As I travel north the shimmering evidence of rain appears in the headlights. How much? I worry as I pull over to stretch and check how far I am from the vineyard. Still an hour. If I get there by three, I’ll get four hours sleep in the truck before I wake for the pick. We don’t use chilling or refrigeration in the winery—it’s unnecessary for the style of wine we make, is expensive, and may inhibit the wild yeasts that live on the grapes, so getting the fruit into the winery at a desired cooler temperature is ideal—we booked a 7am pick. That gives me time to help pick, drive back to the Yarra, process, clean the winery equipment and make it to the commercial winery where I work in time for night shift, which is also the reason for the odd hour of my drive. There’s not much time for sleep, but that’s harvest, my eighth now. I knew what I was in for.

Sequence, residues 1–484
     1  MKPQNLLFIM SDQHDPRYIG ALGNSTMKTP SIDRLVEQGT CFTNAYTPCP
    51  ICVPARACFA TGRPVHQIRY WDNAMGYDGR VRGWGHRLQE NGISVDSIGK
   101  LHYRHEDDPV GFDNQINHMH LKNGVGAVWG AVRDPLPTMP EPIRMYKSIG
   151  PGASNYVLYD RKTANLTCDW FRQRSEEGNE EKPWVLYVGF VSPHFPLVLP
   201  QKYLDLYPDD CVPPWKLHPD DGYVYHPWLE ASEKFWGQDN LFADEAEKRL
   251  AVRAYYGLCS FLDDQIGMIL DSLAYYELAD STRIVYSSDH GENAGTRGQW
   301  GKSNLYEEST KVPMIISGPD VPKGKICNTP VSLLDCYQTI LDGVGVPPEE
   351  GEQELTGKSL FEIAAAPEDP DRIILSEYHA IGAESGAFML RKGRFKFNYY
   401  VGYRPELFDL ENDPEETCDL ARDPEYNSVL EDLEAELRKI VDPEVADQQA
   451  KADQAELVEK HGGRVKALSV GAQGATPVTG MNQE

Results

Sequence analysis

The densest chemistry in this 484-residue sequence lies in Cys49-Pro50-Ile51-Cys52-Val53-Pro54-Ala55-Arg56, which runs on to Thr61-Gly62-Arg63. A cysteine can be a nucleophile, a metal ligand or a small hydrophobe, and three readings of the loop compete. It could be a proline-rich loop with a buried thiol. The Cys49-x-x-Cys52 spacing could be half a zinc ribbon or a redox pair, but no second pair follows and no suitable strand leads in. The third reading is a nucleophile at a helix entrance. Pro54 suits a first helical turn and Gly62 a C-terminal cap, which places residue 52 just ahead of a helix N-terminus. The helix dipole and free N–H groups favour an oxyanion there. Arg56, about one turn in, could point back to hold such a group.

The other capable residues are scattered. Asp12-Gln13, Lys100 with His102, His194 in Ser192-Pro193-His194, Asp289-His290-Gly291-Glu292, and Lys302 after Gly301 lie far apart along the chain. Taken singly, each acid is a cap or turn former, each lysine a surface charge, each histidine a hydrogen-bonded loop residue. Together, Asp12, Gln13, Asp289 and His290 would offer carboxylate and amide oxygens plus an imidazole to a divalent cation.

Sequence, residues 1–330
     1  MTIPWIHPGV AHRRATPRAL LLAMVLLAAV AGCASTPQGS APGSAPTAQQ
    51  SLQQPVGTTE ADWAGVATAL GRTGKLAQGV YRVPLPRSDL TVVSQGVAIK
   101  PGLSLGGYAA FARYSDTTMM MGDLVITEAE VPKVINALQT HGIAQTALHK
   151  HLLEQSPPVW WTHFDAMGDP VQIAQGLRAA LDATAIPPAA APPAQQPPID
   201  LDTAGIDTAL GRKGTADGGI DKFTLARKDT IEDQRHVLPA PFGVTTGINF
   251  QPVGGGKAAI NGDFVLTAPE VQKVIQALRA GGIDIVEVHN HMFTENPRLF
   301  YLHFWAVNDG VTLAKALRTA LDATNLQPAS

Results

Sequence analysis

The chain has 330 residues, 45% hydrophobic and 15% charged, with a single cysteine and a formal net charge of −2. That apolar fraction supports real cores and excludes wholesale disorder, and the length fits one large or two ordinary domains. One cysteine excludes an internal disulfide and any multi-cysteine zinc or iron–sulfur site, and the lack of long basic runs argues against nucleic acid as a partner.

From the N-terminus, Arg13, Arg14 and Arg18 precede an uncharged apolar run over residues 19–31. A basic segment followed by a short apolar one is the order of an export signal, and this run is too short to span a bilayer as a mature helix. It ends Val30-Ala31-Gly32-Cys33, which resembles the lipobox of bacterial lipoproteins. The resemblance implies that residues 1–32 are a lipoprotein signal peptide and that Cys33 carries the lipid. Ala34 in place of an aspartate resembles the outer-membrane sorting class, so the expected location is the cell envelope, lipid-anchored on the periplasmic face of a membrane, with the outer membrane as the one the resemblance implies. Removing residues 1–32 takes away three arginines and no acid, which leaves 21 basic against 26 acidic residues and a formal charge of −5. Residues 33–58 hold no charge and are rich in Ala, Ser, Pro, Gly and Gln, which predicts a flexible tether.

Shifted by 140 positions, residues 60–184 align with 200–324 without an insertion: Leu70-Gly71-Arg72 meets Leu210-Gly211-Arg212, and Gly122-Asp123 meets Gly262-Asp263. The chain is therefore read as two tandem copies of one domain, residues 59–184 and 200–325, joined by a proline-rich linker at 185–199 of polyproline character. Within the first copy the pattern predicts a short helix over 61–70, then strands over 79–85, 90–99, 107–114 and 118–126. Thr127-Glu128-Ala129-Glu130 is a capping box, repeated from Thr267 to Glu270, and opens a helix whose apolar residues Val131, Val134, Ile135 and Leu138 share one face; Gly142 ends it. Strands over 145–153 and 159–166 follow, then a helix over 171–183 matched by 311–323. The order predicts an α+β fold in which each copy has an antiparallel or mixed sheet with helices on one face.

Finally I arrive at the vineyard gate, hop out of the truck and walk towards the lights outside the break room, surrounded by a haze of insects. I find water in the fridge, climb into the truck, and close my eyes, exhausted but spirited by the excitement of tomorrow’s pick. I go to sleep thinking—I’m making Grenache tomorrow! I’ve never made it before! What seem like seconds pass. There’s a rumbling outside. What the fuck, is that a tractor already? Hopefully four hours was enough sleep. Yep it’s a tractor, it’s seven am and the vineyard crew and pickers are in. They laugh when this dishevelled guy swings open the truck’s back door. Morning Nate! ‘Coffee?’ I say. ‘In the break room buddy.’ ‘Cheers mate. We’re about to start.’ ‘Alright I’ll be down in a minute.’ Five minutes later I jump on the back of the tractor trailer cruising by with two of our picking bins on the back. I marvel at the sunrise over the red-and-gold picture-postcard Australian landscape. I think of how lucky I am to have such variety in my work. In one day I could be in inner Melbourne for breakfast, the Yarra Valley to check on vineyards, the winery to taste and monitor ferments, then up here in central Victoria, always catching up with other winemakers, vineyard crews, cellar hands and travellers. Chatting, discussing, learning, always meeting new people, seeing the land—every day brings new experience. After a few minutes of friendly chatter we arrive at the rows of vines that I’d chosen on the first sampling visit and the tractor splutters to a stop.